EDITOR’S NOTE: This is the fifth  and final installment in a five-part series in the Review Times about one woman’s journey through addiction to drugs and alcohol.


After years of trying and failing to stop using drugs, Stephanie Smith signed up for Seneca County’s PIVOT program.

PIVOT (Progress In Victory Of Transition) is an extensive 35-week  program for those facing criminal charges as a result of their  addiction.

“I think the main thing is it’s not just about whether I’ve used or  not,” Smith said. “They (the PIVOT team members) know every aspect of my  life, everything that’s going on in my life. I have family members that  use and we discuss that. We discuss what I am to do to make sure that  those things don’t affect me in a negative way.”

During phase 1 of the PIVOT program, Smith got a car, a job and an apartment.

“I worked full-time overnight and spent five days a week at Rigel Recovery Services in counseling and groups.”

During phase 2 of the program, Smith said she got a better job,  graduated from the intensive outpatient program and then aftercare.

Smith, who is the night auditor and front desk associate for the  Holiday Inn Express in Tiffin, said she is now in phase 3 of the  five-phase PIVOT program and is two weeks away from entering phase 4.

“Which for me is basically just learning how to maintain. Setting new goals for myself and trying to constantly move forward.”

Smith said now that recovery is the number one thing in her life, it supersedes everything else.

“Stephanie Smith is an absolute reflection of what this PIVOT program  is trying to do,” Tiffin-Fostoria Municipal Court Judge Mark Repp told a  group attending a H.O.P.E. in Fostoria meeting recently.

Repp said the PIVOT program takes people in the depths of addiction  and helps them transition into productive, substance-free members of  society.

“The vision we have for the typical graduate of the PIVOT program  will be employed, driving, have their own place. These things are huge.  From a population that was not contributing, that is huge.”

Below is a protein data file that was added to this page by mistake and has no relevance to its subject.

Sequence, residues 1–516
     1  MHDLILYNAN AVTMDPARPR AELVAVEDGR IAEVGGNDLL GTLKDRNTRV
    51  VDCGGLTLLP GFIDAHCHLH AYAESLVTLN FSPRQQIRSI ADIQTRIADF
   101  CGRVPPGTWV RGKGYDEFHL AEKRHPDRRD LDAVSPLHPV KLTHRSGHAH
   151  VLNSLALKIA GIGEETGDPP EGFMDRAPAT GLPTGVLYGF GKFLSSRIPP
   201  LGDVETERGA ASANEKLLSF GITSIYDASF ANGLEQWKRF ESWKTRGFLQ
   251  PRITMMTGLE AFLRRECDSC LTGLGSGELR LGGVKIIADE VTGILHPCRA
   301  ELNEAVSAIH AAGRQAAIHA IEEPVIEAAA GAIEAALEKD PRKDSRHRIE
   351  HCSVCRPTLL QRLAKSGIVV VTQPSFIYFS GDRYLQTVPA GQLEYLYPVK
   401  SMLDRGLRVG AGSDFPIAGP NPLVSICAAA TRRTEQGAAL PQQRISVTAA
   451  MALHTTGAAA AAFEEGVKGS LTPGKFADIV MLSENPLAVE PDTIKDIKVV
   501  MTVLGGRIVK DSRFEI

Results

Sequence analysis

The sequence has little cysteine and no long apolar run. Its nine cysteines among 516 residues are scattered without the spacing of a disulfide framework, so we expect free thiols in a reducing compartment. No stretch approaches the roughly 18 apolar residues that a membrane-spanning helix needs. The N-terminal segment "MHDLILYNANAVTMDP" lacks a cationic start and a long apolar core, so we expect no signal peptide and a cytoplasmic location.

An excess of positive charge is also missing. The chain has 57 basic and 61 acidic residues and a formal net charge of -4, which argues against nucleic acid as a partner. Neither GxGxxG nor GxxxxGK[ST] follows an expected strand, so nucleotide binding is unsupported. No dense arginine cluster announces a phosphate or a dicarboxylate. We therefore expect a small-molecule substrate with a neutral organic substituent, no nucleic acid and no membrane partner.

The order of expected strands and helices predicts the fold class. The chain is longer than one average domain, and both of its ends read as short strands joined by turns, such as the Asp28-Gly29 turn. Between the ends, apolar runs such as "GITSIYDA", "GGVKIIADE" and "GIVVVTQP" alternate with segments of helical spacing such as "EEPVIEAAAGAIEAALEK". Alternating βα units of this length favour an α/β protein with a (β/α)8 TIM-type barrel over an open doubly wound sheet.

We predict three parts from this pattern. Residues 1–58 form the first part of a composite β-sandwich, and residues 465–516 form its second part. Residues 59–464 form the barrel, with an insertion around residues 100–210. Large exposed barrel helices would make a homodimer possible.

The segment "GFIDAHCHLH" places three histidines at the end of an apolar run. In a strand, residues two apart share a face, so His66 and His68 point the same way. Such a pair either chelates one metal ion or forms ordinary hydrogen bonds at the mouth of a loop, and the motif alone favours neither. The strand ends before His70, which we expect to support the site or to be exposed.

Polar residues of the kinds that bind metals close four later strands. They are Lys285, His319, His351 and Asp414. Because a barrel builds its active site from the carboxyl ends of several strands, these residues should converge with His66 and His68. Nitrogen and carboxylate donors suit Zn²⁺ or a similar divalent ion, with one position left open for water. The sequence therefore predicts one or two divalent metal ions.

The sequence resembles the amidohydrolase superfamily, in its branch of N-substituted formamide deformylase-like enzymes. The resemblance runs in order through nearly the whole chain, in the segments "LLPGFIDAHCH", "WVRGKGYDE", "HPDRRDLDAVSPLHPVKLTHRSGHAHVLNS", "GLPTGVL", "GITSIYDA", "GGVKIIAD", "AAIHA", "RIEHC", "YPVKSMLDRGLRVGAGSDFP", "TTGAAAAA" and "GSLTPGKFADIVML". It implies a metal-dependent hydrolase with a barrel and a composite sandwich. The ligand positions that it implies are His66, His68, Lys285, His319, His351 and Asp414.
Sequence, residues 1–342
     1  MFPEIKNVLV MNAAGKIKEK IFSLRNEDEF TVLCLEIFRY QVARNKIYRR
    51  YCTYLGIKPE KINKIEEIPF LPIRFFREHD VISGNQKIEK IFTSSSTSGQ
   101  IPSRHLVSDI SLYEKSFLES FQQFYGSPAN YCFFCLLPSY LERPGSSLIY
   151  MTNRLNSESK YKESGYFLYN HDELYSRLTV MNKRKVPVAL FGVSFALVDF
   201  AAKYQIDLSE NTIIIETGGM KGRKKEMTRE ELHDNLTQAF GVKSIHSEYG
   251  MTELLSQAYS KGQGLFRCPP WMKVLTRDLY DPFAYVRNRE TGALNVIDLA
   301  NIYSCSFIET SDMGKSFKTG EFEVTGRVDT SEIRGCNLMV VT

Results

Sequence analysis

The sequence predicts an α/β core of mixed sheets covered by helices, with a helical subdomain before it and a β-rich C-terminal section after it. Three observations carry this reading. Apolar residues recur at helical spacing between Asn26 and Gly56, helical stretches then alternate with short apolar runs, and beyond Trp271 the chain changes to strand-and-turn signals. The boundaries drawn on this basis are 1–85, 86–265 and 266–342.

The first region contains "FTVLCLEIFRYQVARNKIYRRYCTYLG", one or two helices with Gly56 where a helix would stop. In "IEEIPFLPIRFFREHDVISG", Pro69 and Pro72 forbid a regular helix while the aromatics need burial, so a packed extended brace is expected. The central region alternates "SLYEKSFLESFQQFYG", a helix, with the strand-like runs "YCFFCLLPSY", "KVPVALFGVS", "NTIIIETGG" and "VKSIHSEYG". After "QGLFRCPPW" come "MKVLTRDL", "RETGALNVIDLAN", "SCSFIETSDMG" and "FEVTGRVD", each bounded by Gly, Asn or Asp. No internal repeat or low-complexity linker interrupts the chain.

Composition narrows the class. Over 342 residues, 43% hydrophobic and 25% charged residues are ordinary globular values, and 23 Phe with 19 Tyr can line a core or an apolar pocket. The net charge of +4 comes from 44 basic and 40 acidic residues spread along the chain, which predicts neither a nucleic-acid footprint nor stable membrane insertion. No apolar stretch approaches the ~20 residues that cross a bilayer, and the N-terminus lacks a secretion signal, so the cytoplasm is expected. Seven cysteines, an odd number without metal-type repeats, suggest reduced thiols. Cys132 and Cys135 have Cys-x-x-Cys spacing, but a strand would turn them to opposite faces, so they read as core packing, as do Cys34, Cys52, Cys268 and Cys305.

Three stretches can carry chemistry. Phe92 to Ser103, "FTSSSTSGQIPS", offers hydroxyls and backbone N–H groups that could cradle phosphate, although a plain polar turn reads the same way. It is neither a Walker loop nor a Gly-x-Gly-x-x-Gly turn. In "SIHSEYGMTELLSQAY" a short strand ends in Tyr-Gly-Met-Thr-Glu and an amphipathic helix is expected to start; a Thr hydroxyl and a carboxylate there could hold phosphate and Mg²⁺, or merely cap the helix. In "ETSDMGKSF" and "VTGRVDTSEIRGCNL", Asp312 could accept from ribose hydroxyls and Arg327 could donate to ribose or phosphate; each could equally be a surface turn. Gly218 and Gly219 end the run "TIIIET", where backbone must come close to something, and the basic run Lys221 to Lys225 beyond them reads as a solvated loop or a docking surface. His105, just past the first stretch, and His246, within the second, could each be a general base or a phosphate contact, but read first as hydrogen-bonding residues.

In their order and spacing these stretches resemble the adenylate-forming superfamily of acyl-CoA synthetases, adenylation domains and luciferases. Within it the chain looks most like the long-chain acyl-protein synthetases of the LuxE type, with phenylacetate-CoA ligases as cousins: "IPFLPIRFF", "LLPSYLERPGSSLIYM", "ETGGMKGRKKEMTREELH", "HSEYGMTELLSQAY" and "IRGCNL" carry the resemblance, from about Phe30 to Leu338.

Smith said she has had to make some decisions in recovery that were hard.

“Who to spend my time with, what was most valuable to me. I let a lot  of people go along the way, and I’ll do it again and at anytime I feel  it’s necessary,” she said, adding that the day she decided to get  serious about recovery, she went to a meeting and has never stopped  going to meetings.

She said during her last stint in jail she finally realized what was keeping her from a sober life.

“Every time I relapse, it’s because I am reminded of what I lost. I  let that define me as a human being. And yeah, the pain is there. It’s  always going to be, but I don’t have to let it be the only thing about  me that matters.”

Smith said she also has to work at having integrity because it’s important in recovery.

“My favorite quote that I definitely try and live by is, ‘Live in  such a way that if anyone spoke badly of you, no one would believe it.’”

She said another key to her recovery is knowing herself.

“So your mind and heart will tell you if you’re about to make a  decision that isn’t right for you. If you aren’t sure, you can call your  sponsor or call your support, but I’m telling you that if you aren’t  sure, it’s probably not right.”

And she uses her mistakes to her advantage.

“Because if you have already been there and you already know what the  outcome is, you should be able to change your decisions to change the  outcome. I know that I don’t cope with certain things well. I know what  will happen, I already made that mistake several times, I won’t again.  I’m prepared this time.”

Smith said she tries to set goals and she follows her program and every guideline for probation.

“I’m trying to get to a point where I love myself, and I’m getting there a little more every day,” she said.

Smith said the most important part of her recovery is the things she does for other addicts.

“I finally figured out what was missing, why I couldn’t get it right.  It was purpose. I didn’t have one. After I lost my kids, there was  nothing, in my mind, to look forward to.”

She said helping others gives her purpose.

“That filled the empty hole that was left the day I walked out of  that courtroom without my kids. It’s not something I just want to do,  it’s something that I have to do.”

And to that end, Smith is developing a project to help others rebuild their lives as well.

“My project is Faithful Furnishings. The idea is a storage unit in  town that takes donations of furniture and household items. Then, as  people come into recovery and begin rebuilding their lives, I will be  able to provide them with the donated furniture in the unit to fill  their home,” she explained. “The judges love the idea and are currently  helping me acquire a unit.”

Repp said those running the PIVOT program really want to start a  sober-based community around it and they are starting to see that  unfold.

“We are saving people’s lives. We are changing people’s lives. I’m  absolutely convinced of that,” Repp said. “There’s no question in my  mind that we’ve had people that we’ve saved and changed their direction,  pivoted, because of the work that we’ve been doing.”

EDITOR’S NOTE: Those seeking recovery from addiction can call the  Mental Health and Recovery Services Board of Seneca, Sandusky &  Wyandot Counties’ 24/7 crisis hotline at 1-800-826-1306.